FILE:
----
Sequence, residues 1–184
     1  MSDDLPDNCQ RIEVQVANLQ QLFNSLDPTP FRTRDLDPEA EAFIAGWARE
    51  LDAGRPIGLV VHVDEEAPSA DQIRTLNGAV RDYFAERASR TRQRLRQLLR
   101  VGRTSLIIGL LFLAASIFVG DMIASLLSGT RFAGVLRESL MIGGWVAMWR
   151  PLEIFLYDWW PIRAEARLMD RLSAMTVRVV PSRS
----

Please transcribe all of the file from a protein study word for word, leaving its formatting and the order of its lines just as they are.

Sequence, residues 1–184
     1  MSDDLPDNCQ RIEVQVANLQ QLFNSLDPTP FRTRDLDPEA EAFIAGWARE
    51  LDAGRPIGLV VHVDEEAPSA DQIRTLNGAV RDYFAERASR TRQRLRQLLR
   101  VGRTSLIIGL LFLAASIFVG DMIASLLSGT RFAGVLRESL MIGGWVAMWR
   151  PLEIFLYDWW PIRAEARLMD RLSAMTVRVV PSRS